On his own way to the launch Cyclonus runs into Whirl, an Autobot whose main characteristic and motivation are being FUCKING NUTS. Whirl is absolutely one of the breakout characters of More than Meets the Eye. The character has existed since 1985, but Roberts is the first to write him as more than a cameo. Expanding on the “wild warrior” portrayed in his initial biographical sketch, Roberts writes him as a traumatized, unstable berserker. I usually describe him to people as a cross between two characters from Firefly: Jayne…and River. In a very dark moment even for Transformers comics, Cyclonus unwittingly catches Whirl in the act of attempting suicide among corpses that he has strung up and desecrated. Cyclonus doesn’t care much, but a defensive Whirl attacks and hijinks most assuredly ensue between the two warriors. Exhausted and injured, they too are brought on board the Lost Light by well-meaning crew members. The poor bastards.
Several more characters are economically introduced in a sequence where security officer Red Alert allows the mad scientist Brainstorm, the motormouth Swerve, and the psychiatrist Rung aboard the ship. With only the briefest of introductions for these four, we don’t get a sense of their motivations, but they are all characters to watch (especially Swerve and Rung who are probably the two other breakout characters of the book).
Finally, the book finds time to get into the head of Ultra Magnus, second-in-command. It’s a bit of a mystery why Magnus joined Rodimus’ exceedingly motley crew in “The Death of Optimus Prime,” and it remains so, as Magnus is a law-and-order nut who sees the world through a head-up display:
This is both uproariously funny and tells us a great deal about Magnus, Rodimus, and Drift for good measure! Roberts packs panels with content, which is why MtMtE fans repeatedly report spending upwards of 45 minutes reading every issue. Best value for $4 I’ve ever seen in the industry.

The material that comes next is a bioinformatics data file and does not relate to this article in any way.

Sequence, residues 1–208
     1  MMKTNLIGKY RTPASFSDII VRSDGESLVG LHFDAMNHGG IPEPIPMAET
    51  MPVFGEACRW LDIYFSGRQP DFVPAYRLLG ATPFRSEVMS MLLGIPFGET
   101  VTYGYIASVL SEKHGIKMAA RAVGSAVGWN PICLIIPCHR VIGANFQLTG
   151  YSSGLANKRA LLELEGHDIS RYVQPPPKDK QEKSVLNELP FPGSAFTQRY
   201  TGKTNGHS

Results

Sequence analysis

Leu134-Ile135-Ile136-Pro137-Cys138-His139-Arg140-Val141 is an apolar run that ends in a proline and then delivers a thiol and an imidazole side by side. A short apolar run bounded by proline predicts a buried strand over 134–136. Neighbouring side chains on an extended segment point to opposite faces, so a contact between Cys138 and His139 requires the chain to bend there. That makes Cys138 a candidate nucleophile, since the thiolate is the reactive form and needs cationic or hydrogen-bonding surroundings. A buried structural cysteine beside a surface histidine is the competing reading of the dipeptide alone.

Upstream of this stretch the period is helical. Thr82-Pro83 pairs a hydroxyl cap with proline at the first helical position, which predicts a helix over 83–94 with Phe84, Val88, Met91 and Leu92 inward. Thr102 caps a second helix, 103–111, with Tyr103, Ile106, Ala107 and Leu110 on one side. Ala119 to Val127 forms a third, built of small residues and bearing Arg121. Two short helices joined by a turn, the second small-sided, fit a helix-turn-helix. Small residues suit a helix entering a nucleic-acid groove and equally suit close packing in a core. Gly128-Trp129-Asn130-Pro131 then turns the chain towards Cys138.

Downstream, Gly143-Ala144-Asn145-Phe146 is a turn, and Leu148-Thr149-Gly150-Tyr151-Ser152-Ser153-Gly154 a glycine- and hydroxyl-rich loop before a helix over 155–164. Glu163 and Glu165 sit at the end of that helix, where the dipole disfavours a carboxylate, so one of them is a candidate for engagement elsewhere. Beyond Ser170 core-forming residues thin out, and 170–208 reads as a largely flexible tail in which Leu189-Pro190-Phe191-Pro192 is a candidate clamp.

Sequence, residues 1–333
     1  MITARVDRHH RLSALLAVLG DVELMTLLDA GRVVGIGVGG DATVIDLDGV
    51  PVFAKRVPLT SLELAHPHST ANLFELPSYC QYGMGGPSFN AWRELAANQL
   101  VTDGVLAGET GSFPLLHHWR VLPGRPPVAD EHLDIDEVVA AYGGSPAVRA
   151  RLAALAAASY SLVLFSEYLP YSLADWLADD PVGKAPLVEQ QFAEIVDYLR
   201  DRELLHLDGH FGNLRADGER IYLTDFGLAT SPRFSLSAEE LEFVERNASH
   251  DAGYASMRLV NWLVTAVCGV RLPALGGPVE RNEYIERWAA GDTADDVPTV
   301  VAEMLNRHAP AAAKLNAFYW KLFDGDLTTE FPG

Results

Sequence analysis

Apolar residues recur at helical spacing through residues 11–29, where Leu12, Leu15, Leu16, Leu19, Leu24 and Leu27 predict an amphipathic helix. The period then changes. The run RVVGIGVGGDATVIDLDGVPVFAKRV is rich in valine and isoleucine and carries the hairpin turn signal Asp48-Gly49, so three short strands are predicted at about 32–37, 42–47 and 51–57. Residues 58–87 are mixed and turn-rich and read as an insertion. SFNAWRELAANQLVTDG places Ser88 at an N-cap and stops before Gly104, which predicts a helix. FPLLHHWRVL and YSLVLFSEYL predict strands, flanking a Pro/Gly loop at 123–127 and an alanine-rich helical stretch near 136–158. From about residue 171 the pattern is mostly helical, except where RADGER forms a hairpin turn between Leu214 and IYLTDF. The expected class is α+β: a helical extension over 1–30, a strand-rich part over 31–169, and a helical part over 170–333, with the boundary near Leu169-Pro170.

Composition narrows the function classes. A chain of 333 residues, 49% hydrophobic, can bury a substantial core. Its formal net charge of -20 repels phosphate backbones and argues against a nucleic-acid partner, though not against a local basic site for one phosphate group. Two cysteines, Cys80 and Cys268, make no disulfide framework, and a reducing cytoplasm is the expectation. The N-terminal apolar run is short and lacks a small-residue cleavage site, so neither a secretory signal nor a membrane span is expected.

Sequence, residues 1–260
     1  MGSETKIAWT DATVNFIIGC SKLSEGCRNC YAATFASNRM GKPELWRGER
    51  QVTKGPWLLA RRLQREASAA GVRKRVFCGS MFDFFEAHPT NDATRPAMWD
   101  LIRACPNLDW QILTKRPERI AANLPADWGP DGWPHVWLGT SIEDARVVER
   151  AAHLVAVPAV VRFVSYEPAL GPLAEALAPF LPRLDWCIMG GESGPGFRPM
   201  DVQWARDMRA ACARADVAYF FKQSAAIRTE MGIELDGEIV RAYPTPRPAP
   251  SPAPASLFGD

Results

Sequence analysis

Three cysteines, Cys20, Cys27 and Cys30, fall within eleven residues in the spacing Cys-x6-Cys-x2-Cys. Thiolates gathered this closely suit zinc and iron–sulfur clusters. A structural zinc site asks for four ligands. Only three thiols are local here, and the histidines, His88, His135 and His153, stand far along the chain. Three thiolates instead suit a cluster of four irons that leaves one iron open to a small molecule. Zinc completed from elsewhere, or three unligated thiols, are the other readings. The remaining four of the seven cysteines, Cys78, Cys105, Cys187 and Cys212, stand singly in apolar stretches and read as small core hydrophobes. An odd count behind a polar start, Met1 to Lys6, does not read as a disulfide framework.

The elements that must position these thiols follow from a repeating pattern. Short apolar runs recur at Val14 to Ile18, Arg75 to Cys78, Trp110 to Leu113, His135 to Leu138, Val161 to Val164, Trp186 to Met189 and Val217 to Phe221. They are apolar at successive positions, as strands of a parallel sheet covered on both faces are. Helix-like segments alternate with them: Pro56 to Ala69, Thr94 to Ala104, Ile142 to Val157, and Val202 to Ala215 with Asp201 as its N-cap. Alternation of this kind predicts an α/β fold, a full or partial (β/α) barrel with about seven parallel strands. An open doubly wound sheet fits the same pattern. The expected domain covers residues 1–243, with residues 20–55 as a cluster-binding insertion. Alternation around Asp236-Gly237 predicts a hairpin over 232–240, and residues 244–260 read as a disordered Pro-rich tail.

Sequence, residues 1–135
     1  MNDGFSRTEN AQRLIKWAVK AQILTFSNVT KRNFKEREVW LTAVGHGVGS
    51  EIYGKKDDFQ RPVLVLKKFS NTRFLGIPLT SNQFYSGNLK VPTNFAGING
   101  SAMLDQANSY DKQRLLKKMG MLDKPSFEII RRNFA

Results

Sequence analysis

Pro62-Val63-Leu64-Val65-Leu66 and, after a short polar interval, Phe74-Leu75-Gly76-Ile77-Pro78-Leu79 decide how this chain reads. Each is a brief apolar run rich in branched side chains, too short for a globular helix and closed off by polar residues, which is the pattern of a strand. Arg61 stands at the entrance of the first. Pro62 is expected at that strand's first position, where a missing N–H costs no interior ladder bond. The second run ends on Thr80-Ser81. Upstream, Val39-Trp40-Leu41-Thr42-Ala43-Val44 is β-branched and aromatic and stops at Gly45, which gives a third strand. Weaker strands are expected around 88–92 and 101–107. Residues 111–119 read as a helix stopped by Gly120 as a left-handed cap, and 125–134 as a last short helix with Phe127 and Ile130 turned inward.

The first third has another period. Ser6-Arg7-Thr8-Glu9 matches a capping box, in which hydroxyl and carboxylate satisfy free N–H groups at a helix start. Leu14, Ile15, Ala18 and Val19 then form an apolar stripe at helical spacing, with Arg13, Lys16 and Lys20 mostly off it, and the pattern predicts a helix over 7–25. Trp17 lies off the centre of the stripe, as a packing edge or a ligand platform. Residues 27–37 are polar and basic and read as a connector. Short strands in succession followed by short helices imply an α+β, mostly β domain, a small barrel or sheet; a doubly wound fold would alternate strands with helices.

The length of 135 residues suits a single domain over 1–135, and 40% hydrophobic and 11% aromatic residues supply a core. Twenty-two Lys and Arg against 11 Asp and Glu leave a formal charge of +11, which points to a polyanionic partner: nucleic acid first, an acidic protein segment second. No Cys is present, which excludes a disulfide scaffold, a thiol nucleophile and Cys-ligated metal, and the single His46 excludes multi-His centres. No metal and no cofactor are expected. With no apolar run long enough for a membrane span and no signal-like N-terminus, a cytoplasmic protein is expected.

Appropriately, the stage is set for the ship’s journey with Certain Machinations causing a Major Disaster, leading everyone remaining on Cybertron to believe the Lost Light is destroyed. In fact, it is flung to a distant star system.
And on that (plus a mysterious foreboding message from the future that well over a year later in the comic we still haven’t gotten to or explained…), we begin!
One more thing must be noted: the art team of Nick Roche and Josh Burcham establishes this book’s signature look of personality-exuding designs and slightly washed-out colors that nevertheless allow for a varied palette and incredible lighting effects. Next issue Roche is replaced by the exceedingly talented Alex Milne, who truly has made this book his own, but I’d like to point out that Roche’s incredible flair for action greatly enhances this issue.
Transformers Moment of Zen: “Rubsigns,” heat-sensitive labels that indicated a toy’s faction as Autobot or Decepticon when rubbed, were introduced to the classic Transformers toyline in 1985 as a sign of authenticity, since the brand was struggling with a plethora of knock-offs. Because absolutely every feature of the toys had to have an in-fiction explanation, we got this ridiculous commercial out of the concept. Roberts winks at this by having Brainstorm flash a security pass as he boards the ship and declare, “It’s authentic. Check out the rubsign.”